Five days ago, an elderly gentleman admitted to Kolkata’s Nil Ratan Sircar Medical College, in a serious condition. And then he succumbed to his illness. Till that time, the events matched similar occurrences in most hospitals in the country. There was a scuffle between the patient’s relatives and some of the hospital staff and till that time, there was nothing unprecedented in the incident. It has happened in many hospitals for many reasons despite repeated appeals to the local administration and getting suitable legislation passed to make it a punishable offence.
What therefore began as a ‘routine’ incident has now snowballed into a national issue, a PIL has been filed in the Supreme Court and an online petition on www.change.org has started doing the rounds of Facebook and other social media platforms. But wait, there’s more: interested people have started tweeting to the PMO (@PMOIndia) and Union Home Amit Shah (@AmitShah) demanding that an Ordinance be passed to make assaults on doctors a punishable offence.
At the time of this writing, the Indian Medical Association in Delhi and other places have joined the protest and there are plans for an all-India strike on Monday if by that time the issue is not resolved satisfactorily. And hundreds of senior doctors including teaching faculty all over West Bengal have resigned from service.
Two things have caused the issue to escalate to such an extent. A few hours after the first round of fisticuffs, a mob of nearly 200 people came in trucks, armed with iron rods, bricks and other weapons and launched an attack on the hospital premises. The sheer scale of the assault stunned the hospital staff, and a countering action was never on the cards. A young intern, who just happened to be in the wrong place at the wrong time, got hit on the head by a brick thrown at random. The brick caused a depressed fracture of the frontal bone of the skull and is believed to have caused such severe damage to the frontal cortex that he may never be able to drive a car. Or do many other things that young people normally do. Another victim is believed to have lost her vision in both eyes.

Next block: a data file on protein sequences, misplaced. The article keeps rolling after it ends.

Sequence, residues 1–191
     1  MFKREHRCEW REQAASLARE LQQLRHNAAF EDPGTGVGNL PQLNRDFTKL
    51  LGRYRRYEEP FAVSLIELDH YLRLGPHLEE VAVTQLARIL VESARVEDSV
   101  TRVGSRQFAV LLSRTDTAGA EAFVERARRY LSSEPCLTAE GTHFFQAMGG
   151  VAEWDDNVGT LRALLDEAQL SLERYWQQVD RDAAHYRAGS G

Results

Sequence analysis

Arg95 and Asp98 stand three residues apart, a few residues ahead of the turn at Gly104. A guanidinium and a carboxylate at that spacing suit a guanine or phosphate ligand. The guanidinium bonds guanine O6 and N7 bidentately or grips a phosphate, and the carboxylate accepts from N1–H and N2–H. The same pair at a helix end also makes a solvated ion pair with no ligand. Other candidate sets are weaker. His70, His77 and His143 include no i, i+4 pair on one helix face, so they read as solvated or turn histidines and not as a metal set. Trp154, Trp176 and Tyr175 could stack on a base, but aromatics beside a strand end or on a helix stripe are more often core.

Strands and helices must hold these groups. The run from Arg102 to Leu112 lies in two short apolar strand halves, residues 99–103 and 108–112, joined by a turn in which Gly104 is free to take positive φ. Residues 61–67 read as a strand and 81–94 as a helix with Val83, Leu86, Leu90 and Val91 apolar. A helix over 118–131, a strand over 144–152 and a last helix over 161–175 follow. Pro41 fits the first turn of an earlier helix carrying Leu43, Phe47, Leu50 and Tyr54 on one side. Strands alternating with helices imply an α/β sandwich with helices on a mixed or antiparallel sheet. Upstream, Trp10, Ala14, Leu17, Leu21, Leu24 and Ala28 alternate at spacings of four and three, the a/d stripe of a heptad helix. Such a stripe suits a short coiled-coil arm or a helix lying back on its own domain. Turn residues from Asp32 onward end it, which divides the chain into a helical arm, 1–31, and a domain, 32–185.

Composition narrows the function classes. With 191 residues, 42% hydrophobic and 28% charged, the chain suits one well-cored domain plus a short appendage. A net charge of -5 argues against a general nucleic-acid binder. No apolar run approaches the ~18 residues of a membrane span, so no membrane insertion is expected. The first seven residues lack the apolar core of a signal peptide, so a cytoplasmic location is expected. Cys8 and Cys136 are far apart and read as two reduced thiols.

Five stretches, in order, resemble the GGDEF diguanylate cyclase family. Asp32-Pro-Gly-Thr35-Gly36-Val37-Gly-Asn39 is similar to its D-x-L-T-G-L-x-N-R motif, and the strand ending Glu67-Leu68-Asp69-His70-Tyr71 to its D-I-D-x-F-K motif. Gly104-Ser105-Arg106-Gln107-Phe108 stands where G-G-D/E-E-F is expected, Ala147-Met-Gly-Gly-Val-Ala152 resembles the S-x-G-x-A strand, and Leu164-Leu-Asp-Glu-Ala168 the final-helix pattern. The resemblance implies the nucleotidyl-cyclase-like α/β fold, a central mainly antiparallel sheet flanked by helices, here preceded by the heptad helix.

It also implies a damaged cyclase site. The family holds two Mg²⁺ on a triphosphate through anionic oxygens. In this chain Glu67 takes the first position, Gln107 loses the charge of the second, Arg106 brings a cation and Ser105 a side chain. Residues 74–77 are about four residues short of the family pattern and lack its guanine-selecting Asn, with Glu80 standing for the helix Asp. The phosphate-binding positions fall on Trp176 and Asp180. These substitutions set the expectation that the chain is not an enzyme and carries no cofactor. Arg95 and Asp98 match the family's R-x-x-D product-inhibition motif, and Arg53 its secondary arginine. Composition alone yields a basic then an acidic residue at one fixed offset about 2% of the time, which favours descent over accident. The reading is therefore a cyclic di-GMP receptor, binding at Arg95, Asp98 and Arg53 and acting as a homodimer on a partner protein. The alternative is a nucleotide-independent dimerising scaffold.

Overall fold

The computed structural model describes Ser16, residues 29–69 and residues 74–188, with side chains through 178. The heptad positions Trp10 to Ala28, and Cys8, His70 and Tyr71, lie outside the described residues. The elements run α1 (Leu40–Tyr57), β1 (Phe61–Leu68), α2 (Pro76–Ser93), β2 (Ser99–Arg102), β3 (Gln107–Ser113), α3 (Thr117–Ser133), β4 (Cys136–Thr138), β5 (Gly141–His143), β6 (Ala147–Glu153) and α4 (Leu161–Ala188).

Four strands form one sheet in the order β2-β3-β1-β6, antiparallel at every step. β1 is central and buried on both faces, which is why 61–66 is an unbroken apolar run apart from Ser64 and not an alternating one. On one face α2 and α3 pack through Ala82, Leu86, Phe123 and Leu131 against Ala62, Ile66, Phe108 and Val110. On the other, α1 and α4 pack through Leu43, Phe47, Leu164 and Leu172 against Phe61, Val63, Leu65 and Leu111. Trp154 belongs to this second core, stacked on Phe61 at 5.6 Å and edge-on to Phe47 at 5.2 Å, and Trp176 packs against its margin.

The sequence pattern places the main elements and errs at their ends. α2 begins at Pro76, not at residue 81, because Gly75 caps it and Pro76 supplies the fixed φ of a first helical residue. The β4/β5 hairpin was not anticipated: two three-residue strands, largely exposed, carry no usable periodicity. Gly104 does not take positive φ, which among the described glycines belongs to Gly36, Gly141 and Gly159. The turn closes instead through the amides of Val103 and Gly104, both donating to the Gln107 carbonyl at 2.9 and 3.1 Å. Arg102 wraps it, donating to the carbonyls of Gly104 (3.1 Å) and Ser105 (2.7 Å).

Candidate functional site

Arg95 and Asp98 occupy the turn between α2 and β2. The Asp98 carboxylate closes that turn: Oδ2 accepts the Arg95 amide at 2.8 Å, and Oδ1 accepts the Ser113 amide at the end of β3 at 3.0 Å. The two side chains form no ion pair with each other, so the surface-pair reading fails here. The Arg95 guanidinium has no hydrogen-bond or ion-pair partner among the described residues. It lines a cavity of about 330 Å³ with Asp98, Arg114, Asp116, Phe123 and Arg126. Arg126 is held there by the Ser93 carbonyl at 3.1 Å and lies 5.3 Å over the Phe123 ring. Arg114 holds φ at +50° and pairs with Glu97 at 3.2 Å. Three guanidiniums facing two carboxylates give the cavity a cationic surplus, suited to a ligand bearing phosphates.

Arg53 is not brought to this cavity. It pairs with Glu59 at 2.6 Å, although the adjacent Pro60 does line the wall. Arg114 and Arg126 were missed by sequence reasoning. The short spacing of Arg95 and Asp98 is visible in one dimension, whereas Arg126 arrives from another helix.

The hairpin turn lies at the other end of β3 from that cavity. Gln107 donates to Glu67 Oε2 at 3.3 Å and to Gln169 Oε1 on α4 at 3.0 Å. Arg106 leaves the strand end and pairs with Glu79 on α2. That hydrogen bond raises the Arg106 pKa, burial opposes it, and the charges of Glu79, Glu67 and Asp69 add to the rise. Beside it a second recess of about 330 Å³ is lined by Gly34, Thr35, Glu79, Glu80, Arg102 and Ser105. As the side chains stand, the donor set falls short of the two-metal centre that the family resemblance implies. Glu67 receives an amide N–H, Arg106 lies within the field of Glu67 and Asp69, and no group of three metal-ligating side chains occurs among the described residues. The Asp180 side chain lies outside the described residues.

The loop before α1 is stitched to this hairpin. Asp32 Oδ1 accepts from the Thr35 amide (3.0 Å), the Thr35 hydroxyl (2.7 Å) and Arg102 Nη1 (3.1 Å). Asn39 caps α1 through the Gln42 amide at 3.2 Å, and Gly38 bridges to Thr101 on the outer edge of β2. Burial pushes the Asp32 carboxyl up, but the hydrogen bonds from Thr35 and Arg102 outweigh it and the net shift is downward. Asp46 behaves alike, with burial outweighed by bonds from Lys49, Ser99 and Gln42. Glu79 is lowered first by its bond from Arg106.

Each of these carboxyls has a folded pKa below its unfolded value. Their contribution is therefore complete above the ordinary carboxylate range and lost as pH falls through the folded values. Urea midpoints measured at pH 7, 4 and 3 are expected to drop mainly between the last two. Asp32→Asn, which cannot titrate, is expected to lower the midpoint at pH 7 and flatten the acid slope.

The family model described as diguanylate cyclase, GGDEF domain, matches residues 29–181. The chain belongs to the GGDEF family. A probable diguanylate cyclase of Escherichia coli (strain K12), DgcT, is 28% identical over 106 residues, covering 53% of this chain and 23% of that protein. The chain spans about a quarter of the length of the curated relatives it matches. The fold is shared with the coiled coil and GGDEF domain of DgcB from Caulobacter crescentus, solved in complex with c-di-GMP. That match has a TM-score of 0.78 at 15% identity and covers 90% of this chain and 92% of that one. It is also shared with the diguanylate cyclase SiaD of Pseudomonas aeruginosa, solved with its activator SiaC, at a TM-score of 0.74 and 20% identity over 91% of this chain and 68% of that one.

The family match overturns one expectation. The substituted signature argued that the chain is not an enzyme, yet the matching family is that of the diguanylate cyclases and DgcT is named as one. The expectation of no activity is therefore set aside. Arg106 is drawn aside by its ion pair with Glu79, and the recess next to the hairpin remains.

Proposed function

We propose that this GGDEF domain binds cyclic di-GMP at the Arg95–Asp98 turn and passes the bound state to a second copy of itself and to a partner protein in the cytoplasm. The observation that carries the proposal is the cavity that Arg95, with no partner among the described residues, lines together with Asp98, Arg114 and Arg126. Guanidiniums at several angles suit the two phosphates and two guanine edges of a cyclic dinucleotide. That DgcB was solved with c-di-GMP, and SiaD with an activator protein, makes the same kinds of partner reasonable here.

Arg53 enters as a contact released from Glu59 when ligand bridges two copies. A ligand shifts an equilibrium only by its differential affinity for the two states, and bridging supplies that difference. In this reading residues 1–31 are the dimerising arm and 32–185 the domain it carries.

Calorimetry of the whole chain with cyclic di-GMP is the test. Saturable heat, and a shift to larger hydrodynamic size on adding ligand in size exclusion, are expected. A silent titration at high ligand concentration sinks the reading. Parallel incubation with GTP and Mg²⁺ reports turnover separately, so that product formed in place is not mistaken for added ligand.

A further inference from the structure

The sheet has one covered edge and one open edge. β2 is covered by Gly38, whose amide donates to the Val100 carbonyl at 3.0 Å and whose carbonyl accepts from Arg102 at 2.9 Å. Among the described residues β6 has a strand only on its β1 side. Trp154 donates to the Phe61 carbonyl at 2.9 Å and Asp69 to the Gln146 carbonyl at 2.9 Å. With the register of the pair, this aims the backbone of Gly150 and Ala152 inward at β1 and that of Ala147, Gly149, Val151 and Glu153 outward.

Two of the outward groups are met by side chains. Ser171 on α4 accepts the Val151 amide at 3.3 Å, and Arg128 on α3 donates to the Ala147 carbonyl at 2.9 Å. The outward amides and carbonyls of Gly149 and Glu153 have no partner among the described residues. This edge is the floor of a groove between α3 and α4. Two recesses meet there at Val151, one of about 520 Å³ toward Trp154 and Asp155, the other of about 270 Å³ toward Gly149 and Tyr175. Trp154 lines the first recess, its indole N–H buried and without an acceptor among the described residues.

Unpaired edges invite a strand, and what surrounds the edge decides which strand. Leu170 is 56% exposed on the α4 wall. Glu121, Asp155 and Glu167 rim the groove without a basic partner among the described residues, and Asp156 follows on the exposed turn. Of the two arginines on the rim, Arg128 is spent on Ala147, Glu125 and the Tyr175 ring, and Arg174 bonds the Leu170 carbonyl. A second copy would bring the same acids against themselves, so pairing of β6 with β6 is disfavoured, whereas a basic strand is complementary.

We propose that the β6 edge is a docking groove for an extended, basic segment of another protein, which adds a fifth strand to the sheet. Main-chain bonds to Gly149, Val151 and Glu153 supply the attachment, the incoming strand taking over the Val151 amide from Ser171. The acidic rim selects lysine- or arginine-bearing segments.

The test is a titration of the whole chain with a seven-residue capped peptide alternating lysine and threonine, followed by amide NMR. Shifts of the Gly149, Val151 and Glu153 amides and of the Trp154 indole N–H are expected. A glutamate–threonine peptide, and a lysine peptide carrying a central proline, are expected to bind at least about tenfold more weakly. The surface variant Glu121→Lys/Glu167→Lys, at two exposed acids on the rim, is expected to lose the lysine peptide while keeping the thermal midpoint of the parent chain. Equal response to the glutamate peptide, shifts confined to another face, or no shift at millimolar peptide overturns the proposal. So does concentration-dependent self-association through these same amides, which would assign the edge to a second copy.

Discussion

To make matters worse, the police looked on as mute spectators inside of trying to protect the doctors. And the culprits have been identified, but from the mob of 200, just five have been arrested. If the agitating doctors feel this is just an eye wash, can they be blamed?
State Chief Minister Mamata Banerjee then made the wild and absurd allegation that the agitating doctors were members of the BJP who had refused to treat the patient belonging to a minority community. She has now responded to nationwide criticism and said she would meet with the impoverished parents of the injured young man.
It may however be a case of too little, too late. The young doctor’s life has been ruined beyond repair. Much larger numbers of people are dying because the public hospitals are not functioning properly. Soon the public sympathy for the doctors will evaporate, if this matter is not resolved quickly. Already there are rumblings among the Kolkata public about a strike by doctors being “unethical.”
The ultimate solution is a carrot and stick approach. The larger issue of overburdened hospitals, overworked doctors and nurses, and inadequate facilities at public hospitals will have to be addressed without delay. That would be the carrot. The stick would be legal provisions for stringent punishment for anyone who assaults a doctor, nurse or hospital staffer.